I have a jacket of waxed cotton which has got (dirty) bicycle lubricant on it from a bicycle chain. Unfortunately, I don't know the exact composition of the lubricant because the bike isn't mine. However, the oil/grease was somewhat "wet" (i.e. not very viscous) and very dark (i.e. it holds dirt very well). How can I remove the grease stain without ruining the material itself?-- According to the manufacturer's website, the way to "clean" the jacket is to use cold water and a sponge. Likewise, another website warns in much stronger language to adhere to this cleaning regimen lest the jacket be permanently damaged. I have already tried using cold water and my fingers to try to "sponge" away the grease and then later using an actual sponge, but it is already stuck on too firmly for that to work. I also tried a copious amount of saliva and more hand-rubbing, but this didn't work either.
There are different types of bicycle lubricants of different composition used on different components of a bicycle. This will be important in any answer. Can you describe what part it came off of (i.e. cranks, chain, pedals, chain) and if known the type / brand of grease.– CRSouserMar 5, 2016 at 17:36
Okay, I added some details about the grease, but, unfortunately, I don't know as much as I'd like to...– errantlinguistMar 6, 2016 at 12:14
You could try leaving salt or some other absorbent grainy material in contact with it. This would ideally absorb the oil. As the jacket is waxed, the oil shouldn't be penetrating the material at all so it should just 'wipe off'.
I tried sprinkling enough salt over the stain so that the stain wasn't visible and then let it sit for about four hours, but the stain is still there; Am I doing something wrong, or does that mean that this in fact doesn't work after all? Mar 21, 2016 at 9:05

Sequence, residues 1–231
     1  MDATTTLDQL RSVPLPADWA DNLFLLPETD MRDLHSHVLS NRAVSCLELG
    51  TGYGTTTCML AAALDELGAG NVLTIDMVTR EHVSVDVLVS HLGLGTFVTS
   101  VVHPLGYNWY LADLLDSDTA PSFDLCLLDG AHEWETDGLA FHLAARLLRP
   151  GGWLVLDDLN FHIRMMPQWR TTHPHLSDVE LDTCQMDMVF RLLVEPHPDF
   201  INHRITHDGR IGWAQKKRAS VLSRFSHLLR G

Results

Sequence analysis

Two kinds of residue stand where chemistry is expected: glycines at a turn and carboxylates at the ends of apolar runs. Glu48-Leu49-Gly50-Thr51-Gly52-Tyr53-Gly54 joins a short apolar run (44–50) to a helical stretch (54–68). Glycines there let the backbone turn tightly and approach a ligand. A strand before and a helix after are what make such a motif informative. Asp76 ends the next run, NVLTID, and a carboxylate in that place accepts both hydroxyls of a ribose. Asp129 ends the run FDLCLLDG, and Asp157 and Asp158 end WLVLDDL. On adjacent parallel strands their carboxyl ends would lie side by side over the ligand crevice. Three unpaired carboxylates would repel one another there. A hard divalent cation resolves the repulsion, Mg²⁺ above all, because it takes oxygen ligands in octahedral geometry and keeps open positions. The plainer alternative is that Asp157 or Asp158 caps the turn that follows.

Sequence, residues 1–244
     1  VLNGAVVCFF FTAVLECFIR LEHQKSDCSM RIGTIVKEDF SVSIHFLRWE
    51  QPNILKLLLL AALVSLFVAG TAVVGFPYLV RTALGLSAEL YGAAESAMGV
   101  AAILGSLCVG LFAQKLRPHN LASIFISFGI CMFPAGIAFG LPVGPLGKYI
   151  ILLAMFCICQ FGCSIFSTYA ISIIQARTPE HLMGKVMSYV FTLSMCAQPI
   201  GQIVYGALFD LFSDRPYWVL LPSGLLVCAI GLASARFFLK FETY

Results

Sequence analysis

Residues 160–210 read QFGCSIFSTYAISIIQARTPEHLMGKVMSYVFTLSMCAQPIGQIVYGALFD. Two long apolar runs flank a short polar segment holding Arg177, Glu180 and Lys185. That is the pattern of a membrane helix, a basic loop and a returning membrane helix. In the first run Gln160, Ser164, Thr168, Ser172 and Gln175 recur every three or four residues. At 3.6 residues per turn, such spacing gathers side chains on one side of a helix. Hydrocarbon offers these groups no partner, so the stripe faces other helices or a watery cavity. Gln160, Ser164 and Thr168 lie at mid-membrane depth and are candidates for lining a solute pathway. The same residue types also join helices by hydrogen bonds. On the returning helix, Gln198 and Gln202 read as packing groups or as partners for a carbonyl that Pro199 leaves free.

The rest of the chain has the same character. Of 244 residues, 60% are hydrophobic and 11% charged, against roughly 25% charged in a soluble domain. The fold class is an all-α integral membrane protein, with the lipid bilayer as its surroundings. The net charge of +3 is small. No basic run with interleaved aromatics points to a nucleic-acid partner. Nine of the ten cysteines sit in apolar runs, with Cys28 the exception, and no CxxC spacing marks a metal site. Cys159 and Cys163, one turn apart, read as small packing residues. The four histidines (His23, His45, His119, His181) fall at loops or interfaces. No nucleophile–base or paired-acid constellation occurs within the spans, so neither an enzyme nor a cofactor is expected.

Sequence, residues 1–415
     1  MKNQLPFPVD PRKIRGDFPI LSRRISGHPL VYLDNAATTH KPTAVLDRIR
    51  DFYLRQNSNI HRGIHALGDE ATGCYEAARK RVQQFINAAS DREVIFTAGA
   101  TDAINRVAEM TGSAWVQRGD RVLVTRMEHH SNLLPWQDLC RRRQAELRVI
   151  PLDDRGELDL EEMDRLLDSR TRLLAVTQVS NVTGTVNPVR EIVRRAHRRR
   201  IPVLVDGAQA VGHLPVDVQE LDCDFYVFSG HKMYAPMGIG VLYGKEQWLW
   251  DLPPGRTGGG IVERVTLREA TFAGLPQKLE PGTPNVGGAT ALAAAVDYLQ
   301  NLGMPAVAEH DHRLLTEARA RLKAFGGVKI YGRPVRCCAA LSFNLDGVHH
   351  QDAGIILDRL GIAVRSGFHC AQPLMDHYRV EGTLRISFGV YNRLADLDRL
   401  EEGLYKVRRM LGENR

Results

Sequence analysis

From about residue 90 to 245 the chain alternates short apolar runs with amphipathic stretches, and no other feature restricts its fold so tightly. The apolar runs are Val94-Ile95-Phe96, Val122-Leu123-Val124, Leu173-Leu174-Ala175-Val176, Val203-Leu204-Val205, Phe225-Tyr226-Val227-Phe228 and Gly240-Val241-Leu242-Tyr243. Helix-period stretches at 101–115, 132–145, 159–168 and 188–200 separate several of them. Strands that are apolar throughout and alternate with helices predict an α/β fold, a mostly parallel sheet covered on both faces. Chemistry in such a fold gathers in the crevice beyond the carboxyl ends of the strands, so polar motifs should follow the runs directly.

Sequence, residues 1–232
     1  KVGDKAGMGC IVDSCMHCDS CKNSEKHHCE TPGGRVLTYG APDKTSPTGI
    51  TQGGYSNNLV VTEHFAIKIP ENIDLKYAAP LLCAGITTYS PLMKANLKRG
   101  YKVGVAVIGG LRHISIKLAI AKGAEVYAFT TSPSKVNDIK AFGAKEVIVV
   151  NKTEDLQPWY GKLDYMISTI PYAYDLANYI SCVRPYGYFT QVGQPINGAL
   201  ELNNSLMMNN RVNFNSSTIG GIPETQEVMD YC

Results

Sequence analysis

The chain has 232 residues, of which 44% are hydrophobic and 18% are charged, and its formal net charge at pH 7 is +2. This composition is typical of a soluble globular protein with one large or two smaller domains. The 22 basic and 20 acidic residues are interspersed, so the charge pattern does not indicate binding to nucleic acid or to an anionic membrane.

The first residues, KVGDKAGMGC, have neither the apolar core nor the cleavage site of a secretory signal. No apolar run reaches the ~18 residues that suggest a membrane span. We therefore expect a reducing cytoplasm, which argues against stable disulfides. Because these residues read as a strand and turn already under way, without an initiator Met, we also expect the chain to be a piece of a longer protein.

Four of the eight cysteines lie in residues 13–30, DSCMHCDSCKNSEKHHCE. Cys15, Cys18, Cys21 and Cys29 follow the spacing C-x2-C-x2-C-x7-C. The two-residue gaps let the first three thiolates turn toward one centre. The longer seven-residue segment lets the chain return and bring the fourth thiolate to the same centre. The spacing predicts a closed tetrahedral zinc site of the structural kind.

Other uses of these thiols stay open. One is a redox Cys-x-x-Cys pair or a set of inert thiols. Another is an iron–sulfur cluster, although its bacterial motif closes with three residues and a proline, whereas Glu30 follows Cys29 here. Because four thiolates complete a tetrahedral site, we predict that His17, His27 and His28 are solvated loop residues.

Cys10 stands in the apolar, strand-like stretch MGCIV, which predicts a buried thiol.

It means it's soaked in or some how reacted with the wax coating and is no longer on the surface. Not sure what else to suggest now to be quite honest :( Mar 21, 2016 at 20:04
You can try applying talcum powder/french chalk - it's lipophilic, combines with the oil or grease and can be brushed off.
If the lubricant stain has hardened, you may need to soften it first with a hair dryer, or by working in a tiny amount of paraffin wax.
Then sprinkle the area liberally with talc and work it in with your fingers. Leave it for an hour ot two, and then brush it off with a stiff clothes brush. It may take a few applications, or leaving it on for longer - you'll have to experiment. Finally sponge it over with cold water and rewax when dry if needed.
I prefer, you better go for dry cleaning services. On passing through all these comments and clarifications, I get that it will be some sort of stain. So to remove that, you better approach dry cleaning centers near you. But the service may be costlier. So you first decide on whether that bag is of much importance to you, that you have to get it dry cleaned after paying much.
I am also attaching a link for you to do the dry cleaning at your home itself. May be, it may be tedious for you. Any way, if you approach such a center, cleaners will be able to tell you whether that stain is removable or not. They may also tell, how much they can remove.
So you decide upon that. Since, most of them are using powerful chemical agents for cleaning depending upon the material, you do not have to worry about material in that case.
Although it wasn't explicitly linked to in the question, it is quite easy to find official sources on the Internet which expressly forbid the dry cleaning of waxed cotton. Mar 28, 2016 at 16:24